Children are not merely adults in training. They are also people with distinctive powers and joys. A happy childhood is measured not only by the standards of adult success, but also by the enjoyment of the gifts given to children alone.
What are the unique blessings of childhood?
Read the rest here.

Friday, February 4, 2011

You cannot be too gentle, too kind. Shun even to appear harsh in your treatment of each other. Joy, radiant joy, streams from the face of him who gives and kindles joy in the heart of him who receives.
All condemnation is from the devil. Never condemn each other. We condemn others only because we shun knowing ourselves. When we gaze at our own failings, we see such a swamp that nothing in another can equal it.
That is why we turn away, and make much of the faults of others. Instead of condemning others, strive to reach inner peace. Keep silent, refrain from judgment. This will raise you above the deadly arrows of slander, insult and outrage and will shield your glowing hearts against all evil.
St Seraphim of Sarov (1753-1833)  h/t St. James Kids

Thursday, February 3, 2011

The O.D.F.M.

So many baby name books are rubbish.  I'm not certain how some managed to get published!  Meanings are often an afterthought and the worst offenders simply make them up.  One book actually stated that Michael was of unknown origin and had no particular meaning.  The same book declared Belinda to mean 'grace' when a quick google search will tell you of the possible meanings (bright serpent, immortal beauty, pretty) grace plays no part.  Often poorly researched, they amount to little more than a republished census list with little thought to history, etymology, culture, much less cognates or even reliable definitions.  It was not until I was pregnant with E. that I found a baby name book worthy of the paper it was printed on.

The Oxford Dictionary of First Names, a.k.a. the O.D.F.M, is that tome.  In between it's covers you can find name history and origins, names from many different cultures, diminutives, but most importantly cognates!  Never do the editors defer to the gas station keychain name origin lottery (will it mean grace, beauty, graceful beauty?  Spin the wheel and find out!).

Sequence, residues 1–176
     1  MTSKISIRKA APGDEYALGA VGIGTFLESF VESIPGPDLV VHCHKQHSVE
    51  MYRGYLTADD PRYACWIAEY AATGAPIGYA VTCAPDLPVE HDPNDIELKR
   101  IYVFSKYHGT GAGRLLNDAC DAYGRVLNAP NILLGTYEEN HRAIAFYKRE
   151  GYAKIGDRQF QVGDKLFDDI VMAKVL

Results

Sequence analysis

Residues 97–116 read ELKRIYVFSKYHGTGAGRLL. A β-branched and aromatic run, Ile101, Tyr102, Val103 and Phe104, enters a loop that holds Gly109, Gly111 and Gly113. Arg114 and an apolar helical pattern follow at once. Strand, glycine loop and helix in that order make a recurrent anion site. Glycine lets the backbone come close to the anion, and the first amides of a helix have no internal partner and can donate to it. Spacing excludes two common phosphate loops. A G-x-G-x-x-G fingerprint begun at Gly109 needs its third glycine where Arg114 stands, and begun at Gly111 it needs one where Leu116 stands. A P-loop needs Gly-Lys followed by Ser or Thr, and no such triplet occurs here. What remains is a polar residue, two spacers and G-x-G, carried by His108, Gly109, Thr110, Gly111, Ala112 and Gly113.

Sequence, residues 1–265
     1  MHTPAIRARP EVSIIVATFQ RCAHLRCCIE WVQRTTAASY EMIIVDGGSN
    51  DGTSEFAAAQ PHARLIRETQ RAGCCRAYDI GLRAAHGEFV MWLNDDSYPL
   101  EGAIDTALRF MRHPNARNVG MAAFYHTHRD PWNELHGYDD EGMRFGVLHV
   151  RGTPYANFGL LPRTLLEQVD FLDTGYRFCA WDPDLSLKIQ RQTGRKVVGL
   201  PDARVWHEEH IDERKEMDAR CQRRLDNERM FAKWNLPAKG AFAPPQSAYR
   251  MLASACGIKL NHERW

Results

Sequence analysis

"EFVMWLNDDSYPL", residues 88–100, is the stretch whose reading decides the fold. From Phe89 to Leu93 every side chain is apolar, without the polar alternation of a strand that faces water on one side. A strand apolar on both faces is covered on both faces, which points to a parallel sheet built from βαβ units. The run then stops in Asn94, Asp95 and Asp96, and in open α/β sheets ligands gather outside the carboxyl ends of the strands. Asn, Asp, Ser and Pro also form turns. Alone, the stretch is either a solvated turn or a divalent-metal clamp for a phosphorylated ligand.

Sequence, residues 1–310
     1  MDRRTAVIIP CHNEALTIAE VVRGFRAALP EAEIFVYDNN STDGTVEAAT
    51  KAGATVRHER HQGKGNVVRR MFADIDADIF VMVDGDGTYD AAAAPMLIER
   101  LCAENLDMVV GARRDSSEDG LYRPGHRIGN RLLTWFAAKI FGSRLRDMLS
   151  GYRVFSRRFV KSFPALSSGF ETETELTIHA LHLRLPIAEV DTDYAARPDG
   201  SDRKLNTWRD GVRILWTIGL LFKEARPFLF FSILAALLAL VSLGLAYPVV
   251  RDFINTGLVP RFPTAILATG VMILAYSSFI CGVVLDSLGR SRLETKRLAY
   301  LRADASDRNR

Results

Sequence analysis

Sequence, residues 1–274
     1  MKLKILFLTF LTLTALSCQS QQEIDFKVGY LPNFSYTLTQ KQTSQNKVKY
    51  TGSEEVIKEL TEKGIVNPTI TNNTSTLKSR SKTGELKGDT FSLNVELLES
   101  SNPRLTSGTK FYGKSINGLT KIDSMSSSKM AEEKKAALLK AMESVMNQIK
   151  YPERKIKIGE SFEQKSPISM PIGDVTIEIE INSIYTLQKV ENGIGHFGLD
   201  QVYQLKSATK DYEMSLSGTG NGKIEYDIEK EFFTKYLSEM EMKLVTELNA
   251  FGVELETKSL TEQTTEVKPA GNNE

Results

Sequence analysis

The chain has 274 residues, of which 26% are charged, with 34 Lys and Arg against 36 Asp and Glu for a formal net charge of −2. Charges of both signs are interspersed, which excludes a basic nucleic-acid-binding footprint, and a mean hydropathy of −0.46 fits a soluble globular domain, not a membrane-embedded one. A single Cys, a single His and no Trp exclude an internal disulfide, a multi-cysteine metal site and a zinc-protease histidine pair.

Take the name, Elizabeth.  In addition to the history of the name and trends associated with it, there are also  34 short and pet forms and 10 cognates listed.

Anyway, it is fun to read, learn about other cultures names, and sometimes you learn something unusual.  This entry, tickled my funny bone:
OMAR (m.) English: biblical name borne by a character mentioned in a genealogy (Genesis 36:11).  It has been occasionally used since Puritan times down to the present day in America. More often, however, it is of Arabic origin, as in the case of the film actor and internationally famous bridge player Omar Sharif (b. 1932 in Egypt). (emphasis mine)
Only the O.D.F.M. would assume we're all stacking our Fantasy Bridge Leagues with Omar Sharif.  Laugh out loud.

Wednesday, February 2, 2011

. . . She Shall Be Saved In Childbearing. . .

. . .  if they continue in faith and charity and holiness with sobriety.

Maternal Caress by Mary Cassatt

I am realizing how far behind I am getting ready for the new little.  The sorting, cleaning, a replacing of many things, plus the establishing a new sleeping situation for E. (4) who has been family bedding with us for the last five months and B. who needs to transition to the boys room.  

6½ weeks to go.  So many things to worry and fuss over.  I know I need to stop, drop (everything), and roll (my prayer rope through my fingers).  Everything will get done, one way or another.  

We have settled on a St. Irenaeus as the patron of this little girl.  As much for his apologia, as for our desire that this child should embody the peace that this name means.  We are waiting to see what day she will be born on before we decide on a middle name.  

What a year we have had already!  My beloved and I have almost always managed my labor together and mostly alone.  Husband-coached childbirth takes years to achieve.  Suddenly we've been thrown a loop in our routine.  Will I be able to walk pain-free and unassisted when the time comes?  What impact will The Ankle have on my labor?  I am now considered "High Risk" and I'm hoping this is a distinction that is more pro forma than reality.  These are anxieties that I am holding at bay (barely). 

There isn't much we really need.  Maybe a new car seat.  Some newborn diaper covers and a few more more newborn diapers.  A small layette and some onesies and sleepers.  I made one sweater, I'll make another along with some more hats and some baby booties.  It feels bigger than it really is.  

When I dwell too long on these things, I feel my heart lurch and run into to overdrive.  I think this is the faith, charity, holiness, and sobriety part of my salvation that I need to work on.  

What rituals and things do you have to have as you prepare for birth?  What prayers or meditations are helpful for you?